Life in the Face of Death

November 2, 2014 at 5:56 am

7 Camels.  20 Swami’s dressed in black carrying bundles of clothes on their heads, 3 burros, 3 wandering cows and a handful of beggars.  All part of a 30 minute drive forth and back from church this morning on All Soul’s Day.

The Church in India faithfully observes many of the devotions of the Church.  On All Soul’s Day, rosaries and masses are celebrated at the Catholic cemeteries in remembrance of those who have gone before us.  The Mass this morning included a long list of  departed family members for whom we prayed that God’s perpetual light might shine upon them.

Fr Pakieraj SJ shared many insights that emphasized how an understanding and awareness of our mortality can sharpen our experience of life.  We will live more fully and purposefully.  He mentioned with a smile visiting a local cemetery on All Souls Day that has an archway over the entrance that says:  Today for Them Tomorrow for You.

He also described  the mourning and grieving that he sees there including a spouse crying as she threw flowers on her husband’s grave.  How much better, he suggested, that we express such affection to our family members before they depart this life.   At the end of Mass, he sent us home with a homework assignment to sit with each other and quietly appreciate the other and the gift of our lives to one another.

He also mentioned the Jesuit spiritual exercise from the time of Ignatius where you use your imagination as you  lie down and imagine yourself as dead.  First, you lose the power to use your limbs, then hearing, sight, smell and taste disappear.  Your heart stops.  Then after 15 or 30 minutes, you wake up and are restored asking the Lord:  “  How will I use my life for you?  How will I use my lips, my tongue, my eyes, my feet for you?”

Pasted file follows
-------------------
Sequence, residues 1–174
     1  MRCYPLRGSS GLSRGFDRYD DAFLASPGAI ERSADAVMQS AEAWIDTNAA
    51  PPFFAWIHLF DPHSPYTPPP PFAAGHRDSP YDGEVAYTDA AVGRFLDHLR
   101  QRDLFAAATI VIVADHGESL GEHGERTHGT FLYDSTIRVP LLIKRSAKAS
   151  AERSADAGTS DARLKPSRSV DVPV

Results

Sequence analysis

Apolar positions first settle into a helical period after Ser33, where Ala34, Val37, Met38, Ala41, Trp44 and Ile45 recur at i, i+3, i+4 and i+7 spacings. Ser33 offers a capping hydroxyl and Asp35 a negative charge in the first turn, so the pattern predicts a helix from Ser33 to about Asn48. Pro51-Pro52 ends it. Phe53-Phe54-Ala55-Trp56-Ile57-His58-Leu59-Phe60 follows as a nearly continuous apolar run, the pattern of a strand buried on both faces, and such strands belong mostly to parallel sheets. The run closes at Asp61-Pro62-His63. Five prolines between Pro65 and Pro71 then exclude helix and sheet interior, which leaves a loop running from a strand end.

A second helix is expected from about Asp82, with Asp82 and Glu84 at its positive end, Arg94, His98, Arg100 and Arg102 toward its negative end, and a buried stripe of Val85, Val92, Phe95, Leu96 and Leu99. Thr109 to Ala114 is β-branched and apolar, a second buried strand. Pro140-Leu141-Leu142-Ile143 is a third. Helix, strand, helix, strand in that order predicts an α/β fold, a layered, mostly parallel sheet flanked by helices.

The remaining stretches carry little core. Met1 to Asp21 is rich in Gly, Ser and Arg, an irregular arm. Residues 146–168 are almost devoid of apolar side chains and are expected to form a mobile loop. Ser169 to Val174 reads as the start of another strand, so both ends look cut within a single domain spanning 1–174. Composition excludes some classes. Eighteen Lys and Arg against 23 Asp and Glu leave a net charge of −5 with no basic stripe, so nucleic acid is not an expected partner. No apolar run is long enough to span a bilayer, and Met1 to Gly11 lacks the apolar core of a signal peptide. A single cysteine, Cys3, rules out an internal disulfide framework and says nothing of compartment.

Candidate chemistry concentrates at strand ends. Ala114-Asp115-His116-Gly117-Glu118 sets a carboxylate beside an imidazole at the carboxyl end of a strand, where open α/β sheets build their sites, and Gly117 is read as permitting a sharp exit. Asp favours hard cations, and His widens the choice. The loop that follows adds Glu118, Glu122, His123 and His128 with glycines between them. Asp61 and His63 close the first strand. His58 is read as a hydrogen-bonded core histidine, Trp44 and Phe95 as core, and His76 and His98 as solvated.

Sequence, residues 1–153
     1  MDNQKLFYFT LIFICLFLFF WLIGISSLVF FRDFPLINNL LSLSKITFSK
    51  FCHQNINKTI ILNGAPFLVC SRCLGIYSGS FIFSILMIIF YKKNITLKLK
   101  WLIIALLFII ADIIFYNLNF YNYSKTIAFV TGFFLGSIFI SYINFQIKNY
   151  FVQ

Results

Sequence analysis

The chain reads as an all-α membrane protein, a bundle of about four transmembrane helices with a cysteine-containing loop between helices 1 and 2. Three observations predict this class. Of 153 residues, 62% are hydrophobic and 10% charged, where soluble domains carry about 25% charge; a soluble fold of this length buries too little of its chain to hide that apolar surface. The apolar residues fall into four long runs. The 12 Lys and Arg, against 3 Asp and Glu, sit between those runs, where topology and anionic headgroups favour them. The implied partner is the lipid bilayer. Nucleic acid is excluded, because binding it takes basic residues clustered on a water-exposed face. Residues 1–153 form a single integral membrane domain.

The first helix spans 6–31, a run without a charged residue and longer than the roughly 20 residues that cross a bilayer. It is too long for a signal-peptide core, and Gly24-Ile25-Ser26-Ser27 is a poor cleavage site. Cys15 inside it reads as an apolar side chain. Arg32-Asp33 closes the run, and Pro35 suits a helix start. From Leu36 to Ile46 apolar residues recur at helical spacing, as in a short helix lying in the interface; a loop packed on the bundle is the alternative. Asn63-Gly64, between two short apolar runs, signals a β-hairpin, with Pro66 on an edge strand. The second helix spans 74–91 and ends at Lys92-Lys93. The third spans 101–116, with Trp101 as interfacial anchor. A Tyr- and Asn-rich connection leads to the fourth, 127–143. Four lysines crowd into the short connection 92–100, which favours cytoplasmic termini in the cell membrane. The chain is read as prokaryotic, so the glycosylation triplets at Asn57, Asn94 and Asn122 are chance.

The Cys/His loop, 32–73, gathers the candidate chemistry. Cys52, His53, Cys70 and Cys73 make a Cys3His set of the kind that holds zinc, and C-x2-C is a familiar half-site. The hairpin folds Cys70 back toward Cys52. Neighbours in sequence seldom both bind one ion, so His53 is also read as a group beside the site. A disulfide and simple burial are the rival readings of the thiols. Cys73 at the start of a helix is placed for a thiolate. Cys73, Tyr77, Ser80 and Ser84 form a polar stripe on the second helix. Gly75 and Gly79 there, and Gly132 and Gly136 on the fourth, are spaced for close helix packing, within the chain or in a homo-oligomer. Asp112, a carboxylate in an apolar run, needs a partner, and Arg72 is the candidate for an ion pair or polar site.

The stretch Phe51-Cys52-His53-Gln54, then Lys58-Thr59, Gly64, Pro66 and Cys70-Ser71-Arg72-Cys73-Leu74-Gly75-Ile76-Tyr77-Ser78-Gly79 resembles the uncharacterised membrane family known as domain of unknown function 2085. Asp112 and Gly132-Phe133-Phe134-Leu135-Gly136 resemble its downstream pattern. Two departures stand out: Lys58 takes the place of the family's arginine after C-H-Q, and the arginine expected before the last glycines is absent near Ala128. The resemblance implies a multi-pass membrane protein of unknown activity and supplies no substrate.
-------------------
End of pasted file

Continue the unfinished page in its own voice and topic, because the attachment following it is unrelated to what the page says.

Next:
He also told the story of a woman recently hung in Iran for murdering a man who she said attempted to “violate her modesty.”  After enduring 7 years of jail and  trials in the court system, she wrote a note to her mother asking her to beg the courts to donate anonymously all of her organs to those in need.  A Muslim, she also wrote her mother that the judge, the attorney, the false witnesses would all be held accountable on that day that they appear before the Lord as she and  her mother would stand together in her innocence.

He used that story as a platform to emphasize our Christian belief that one day  like the Muslim woman and her mother we will all be together with Jesus and our loved ones in the afterlife.  In the meantime, he prayed that we might have a fantastic journey with Jesus in this life.

He also mentioned the Buddhist emphasis on the temporary nature of our existence; but he said, our life on earth is like blowing out a candle that lights the night but is no longer needed as the dawn of everlasting life with God breaks.  Death is no more than blowing out a candle that we no longer need in the Bright Light of our birth into heaven.

Let us remember in prayer our departed loved ones and heroes  this day who held candles for us to illuminate our lives and show us the way. Parents, grandparents, siblings, aunts and uncles, priests, nuns, teachers, good friends.